Scott says sports teach physical fitness, discipline and teamwork, and provide a way to build your own skills.

“That's always interested me: bringing players along to explore their own potentials.”

Scott started as a teacher at Lorne Akins in 1974, having arrived at the job interview covered with dust after a night shift at Inland Cement.

“I think I got the job more out of pity than competency at that point,” he jokes.

Scott worked with fellow teacher Jim Ferguson to develop a course called Canadian Studies – an eclectic mix of science, math, history and fine arts aimed at giving kids an all-round experience, Ann says.

“The last thing they did in the spring was they built these canoes,” she recalls – ones they would later row down the Red Deer River. The group built 14 bright orange fibreglass canoes in total – boats Protestant district schools used for many years.

Scott took various gigs at W.D. Cuts, Paul Kane, Robert Rundle, Ronald Harvey and Wild Rose between 1974 and 1987 before coming back to Lorne Akins.

Back in the 1970s, Scott also helped establish St. Albert's Physical Education Council, a group that continues to co-ordinate phys-ed courses in St. Albert to this day.

Bringing rugby home

Gareth Jones, the founding president of the St. Albert Rugby Club, cites Scott as a key figure in the club's creation.

Scott says he originally wanted to start a football team at Paul Kane, but couldn't afford the equipment. He asked his students if they wanted to try rugby instead, leading to the creation of the Paul Kane Blues in 1980, with himself, Jones and Rod Adams as coaches.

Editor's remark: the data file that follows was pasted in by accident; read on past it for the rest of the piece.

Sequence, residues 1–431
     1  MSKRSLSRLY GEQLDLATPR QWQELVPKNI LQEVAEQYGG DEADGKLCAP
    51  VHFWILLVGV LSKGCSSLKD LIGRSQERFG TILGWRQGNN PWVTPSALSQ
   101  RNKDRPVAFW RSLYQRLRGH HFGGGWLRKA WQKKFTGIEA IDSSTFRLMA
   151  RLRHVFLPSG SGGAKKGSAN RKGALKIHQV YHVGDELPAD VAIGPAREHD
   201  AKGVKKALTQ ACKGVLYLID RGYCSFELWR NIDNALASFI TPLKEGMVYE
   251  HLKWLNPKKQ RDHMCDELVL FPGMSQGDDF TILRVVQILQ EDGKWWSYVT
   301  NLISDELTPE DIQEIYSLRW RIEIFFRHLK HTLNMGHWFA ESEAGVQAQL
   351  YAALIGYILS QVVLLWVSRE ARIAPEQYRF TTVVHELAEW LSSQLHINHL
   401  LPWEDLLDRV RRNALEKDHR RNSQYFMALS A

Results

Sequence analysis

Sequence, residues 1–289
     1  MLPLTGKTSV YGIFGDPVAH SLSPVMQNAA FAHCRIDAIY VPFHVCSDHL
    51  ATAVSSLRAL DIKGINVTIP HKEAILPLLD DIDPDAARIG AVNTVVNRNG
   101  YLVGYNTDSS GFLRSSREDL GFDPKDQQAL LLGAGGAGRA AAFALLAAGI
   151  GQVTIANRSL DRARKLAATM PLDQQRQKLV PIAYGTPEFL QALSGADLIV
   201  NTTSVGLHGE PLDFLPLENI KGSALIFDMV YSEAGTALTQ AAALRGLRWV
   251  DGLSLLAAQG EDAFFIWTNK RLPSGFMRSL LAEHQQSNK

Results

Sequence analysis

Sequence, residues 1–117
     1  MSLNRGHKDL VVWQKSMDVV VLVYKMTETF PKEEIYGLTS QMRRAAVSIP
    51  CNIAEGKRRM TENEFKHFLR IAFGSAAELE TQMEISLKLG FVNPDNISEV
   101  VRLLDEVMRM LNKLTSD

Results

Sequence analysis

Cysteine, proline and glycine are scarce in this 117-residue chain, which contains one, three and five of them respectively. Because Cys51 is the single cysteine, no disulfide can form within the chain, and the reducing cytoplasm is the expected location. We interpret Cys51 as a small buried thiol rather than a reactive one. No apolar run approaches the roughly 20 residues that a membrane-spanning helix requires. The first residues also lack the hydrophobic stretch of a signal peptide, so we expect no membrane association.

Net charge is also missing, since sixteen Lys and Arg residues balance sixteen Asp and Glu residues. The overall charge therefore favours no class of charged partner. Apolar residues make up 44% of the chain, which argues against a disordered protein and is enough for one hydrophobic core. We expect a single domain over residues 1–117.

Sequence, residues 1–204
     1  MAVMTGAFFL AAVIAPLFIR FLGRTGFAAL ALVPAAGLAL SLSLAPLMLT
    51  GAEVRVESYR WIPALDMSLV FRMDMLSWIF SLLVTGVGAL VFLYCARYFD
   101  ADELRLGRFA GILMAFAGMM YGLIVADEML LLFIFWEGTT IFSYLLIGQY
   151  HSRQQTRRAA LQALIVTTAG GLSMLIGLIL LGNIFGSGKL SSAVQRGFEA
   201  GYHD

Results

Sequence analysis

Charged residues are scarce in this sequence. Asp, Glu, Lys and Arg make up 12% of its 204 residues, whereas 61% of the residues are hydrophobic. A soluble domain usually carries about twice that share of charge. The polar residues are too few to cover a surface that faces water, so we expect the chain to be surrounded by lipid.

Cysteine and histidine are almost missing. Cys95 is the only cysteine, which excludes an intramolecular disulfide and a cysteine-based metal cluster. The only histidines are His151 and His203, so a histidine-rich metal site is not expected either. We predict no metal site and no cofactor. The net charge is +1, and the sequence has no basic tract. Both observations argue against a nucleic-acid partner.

“So many elements of that game appeal to my sense of what sport should be,” Scott says – it was hard, yet fair, and emphasized respect and friendship on and off the field.

Jones says Scott was adamant that the students learn about cultures from around the world, and organized two rugby tours to Wales and England to give them that international exposure.

“I still get kids telling me about the trip we had going down into a coal mine in Wales.”

The seed of the St. Albert club sprouted after Scott took a team of local students to play rugby at the 1981 Alberta Summer Games in Lethbridge. It was the last game they could play before they graduated.

After the game, Jones says one of the young players said, “Well, is that it, coach? Can we play some more?”

That gave Scott, Jones, and a few others the idea for the St. Albert Rugby Club, which held its first game at Lorne Akins that fall.

Jones says Scott has since coached hundreds of rugby players, including Team Canada members Andy Tiedemann, Dave Bridgeman and Graham Hogg.

“The rugby program at Lorne Akins is, without doubt, the best program in any junior high school in Alberta,” Jones says.

Hogg says Scott's rugby efforts helped him and many others grow as people and players.

“It was kind of a rite of passage for so many of us,” he says – one that showed them that they could reach their goals.

“It's created so many opportunities for so many people.”

Having taught some 5,000 students during his career, Scott says he's looking forward to some time off. Still, he says he plans to help out local school teams and the rugby club when he can.

“I won't be a stranger to the game.”